A Muslim mother and daughter have told how they were compelled to join Police Scotland after the force reversed a ban on wearing headscarves while on duty.
Shafqat and Aleena Rafi, of Clydebank, are set to become the first officers in Scotland – special or regular – to wear the hijab on the beat once they complete the recruitment process.
It comes as Philip Gormley, chief constable of Police Scotland Chief Constable, admitted that the force needed to improve diversity within its ranks as only one per cent of officers in Scotland come from an ethnic minority background compared to four percent of the population as a whole – rising to 12 per cent in Glasgow.
In August, the force confirmed that headscarves would become an optional part of its uniform.
Speaking at Tulliallan Police College ahead of a fitness test, Miss Rafi, 19, said that seeing police officers in headscarves will help to “break down the barriers”.
“I had reservations about the hijab and how that was going to be accepted.”
“They said it wouldn’t be a problem but it wasn’t concrete at the outset, it is now.
“People have stereotypes about people from ethnic minorities wearing a hijab – that they are oppressed or forced to wear it. People will see we can do anything – it doesn’t make us any less able.”
Her mother Mrs Rafi, 50, said Police Scotland had been very supportive of their application to join,
“Sometimes people just see the hijab and not what is underneath. Our religion teaches us to help each other. Islam means peace.”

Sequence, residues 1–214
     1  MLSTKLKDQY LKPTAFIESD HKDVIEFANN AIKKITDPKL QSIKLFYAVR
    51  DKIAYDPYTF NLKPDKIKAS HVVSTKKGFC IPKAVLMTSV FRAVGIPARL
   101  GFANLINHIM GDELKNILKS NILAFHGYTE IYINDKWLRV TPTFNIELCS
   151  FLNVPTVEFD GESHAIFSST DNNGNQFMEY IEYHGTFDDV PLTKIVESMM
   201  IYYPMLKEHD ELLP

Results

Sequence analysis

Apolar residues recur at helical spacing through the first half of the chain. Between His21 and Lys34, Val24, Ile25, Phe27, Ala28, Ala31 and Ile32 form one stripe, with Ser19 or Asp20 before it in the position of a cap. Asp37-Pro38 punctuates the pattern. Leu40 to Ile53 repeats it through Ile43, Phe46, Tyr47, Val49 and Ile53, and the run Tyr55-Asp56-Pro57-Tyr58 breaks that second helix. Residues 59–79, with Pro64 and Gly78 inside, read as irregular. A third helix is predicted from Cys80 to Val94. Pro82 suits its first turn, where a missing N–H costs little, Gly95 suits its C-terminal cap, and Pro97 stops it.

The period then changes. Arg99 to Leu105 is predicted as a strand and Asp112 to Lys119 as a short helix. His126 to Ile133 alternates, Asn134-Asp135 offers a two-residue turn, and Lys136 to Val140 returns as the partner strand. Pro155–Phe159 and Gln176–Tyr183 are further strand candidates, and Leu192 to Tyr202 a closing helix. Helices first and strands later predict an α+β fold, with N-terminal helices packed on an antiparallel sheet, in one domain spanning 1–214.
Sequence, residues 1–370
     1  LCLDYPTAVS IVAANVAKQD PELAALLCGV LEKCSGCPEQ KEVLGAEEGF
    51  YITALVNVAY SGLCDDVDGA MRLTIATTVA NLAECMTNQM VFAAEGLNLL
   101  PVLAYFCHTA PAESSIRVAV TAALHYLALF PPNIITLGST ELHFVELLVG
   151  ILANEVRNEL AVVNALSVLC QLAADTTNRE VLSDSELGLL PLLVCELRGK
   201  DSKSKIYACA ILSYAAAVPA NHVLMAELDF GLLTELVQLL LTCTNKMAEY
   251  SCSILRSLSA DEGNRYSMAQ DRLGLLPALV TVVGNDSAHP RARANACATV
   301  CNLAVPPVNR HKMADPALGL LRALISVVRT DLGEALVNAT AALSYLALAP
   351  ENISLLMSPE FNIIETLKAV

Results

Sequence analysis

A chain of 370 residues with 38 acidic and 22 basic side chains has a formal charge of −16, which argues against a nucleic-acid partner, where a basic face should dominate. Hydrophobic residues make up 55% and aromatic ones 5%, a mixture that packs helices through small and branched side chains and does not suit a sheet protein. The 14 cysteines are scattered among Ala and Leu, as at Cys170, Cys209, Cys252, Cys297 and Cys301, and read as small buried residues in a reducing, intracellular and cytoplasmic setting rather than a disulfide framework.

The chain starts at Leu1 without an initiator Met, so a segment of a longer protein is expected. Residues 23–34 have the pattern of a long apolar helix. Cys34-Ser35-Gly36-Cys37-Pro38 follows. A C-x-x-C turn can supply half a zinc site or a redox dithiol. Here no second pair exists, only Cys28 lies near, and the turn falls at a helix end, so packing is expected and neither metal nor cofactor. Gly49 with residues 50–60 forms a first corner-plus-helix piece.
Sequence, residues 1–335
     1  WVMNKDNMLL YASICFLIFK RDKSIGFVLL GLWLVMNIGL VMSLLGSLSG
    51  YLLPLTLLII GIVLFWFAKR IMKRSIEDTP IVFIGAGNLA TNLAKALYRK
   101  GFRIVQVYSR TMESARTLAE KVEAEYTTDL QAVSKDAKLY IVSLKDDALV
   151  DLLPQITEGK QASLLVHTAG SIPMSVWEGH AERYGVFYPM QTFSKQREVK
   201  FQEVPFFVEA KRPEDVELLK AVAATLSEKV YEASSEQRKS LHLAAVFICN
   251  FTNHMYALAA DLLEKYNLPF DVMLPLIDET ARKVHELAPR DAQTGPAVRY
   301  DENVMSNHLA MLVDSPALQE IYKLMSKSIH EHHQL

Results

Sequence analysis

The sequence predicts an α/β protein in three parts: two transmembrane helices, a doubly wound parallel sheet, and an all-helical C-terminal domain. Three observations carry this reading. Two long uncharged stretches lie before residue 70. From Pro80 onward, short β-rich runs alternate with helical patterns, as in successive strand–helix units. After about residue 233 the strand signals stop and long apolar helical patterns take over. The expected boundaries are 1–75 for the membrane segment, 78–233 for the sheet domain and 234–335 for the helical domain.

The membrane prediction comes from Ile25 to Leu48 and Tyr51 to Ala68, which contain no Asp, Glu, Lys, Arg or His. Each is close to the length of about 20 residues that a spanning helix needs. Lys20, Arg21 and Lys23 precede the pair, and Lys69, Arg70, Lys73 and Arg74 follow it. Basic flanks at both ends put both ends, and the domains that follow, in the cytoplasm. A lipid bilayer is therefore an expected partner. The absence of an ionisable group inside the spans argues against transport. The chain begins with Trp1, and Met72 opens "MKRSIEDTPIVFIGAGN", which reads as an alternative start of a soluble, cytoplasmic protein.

The force has established a “Positive Action Team” as part of their recruitment process in a bid to attract more people from ethnic minority backgrounds.
Chief Inspector Ann Bell, who runs the team, said relaxing the rules around uniform had helped boost the appeal of the force in those communities. She said:
“Whenever we mention the introduction of the hijab at events in the community there’s a round of applause – it has been really, really well received.”
“I can’t say that just because of that we’re suddenly going to have a load of girls saying they are going to join, but it is certainly showing we are open to them doing so.”
While senior officers say it is too early to say how much of an impact the introduction of the hijab for Muslim females, for example, has had they expect an increase in interest among that community in joining the force.
Speaking to The Herald, Mr Gormley was asked whether Police Scotland had been sufficiently representative the community it serves.
He said: “No it’s not – I’m not going to dress that up.
“We have well over 100 potential recruits here to have a look at this facility and what we can offer.
“There are a number of contributory factors. The hijab is one of them, and if that makes more people consider us then so much the better.”
“We police by consent and we need the consent of all communities. That trust is the bedrock of what we do.”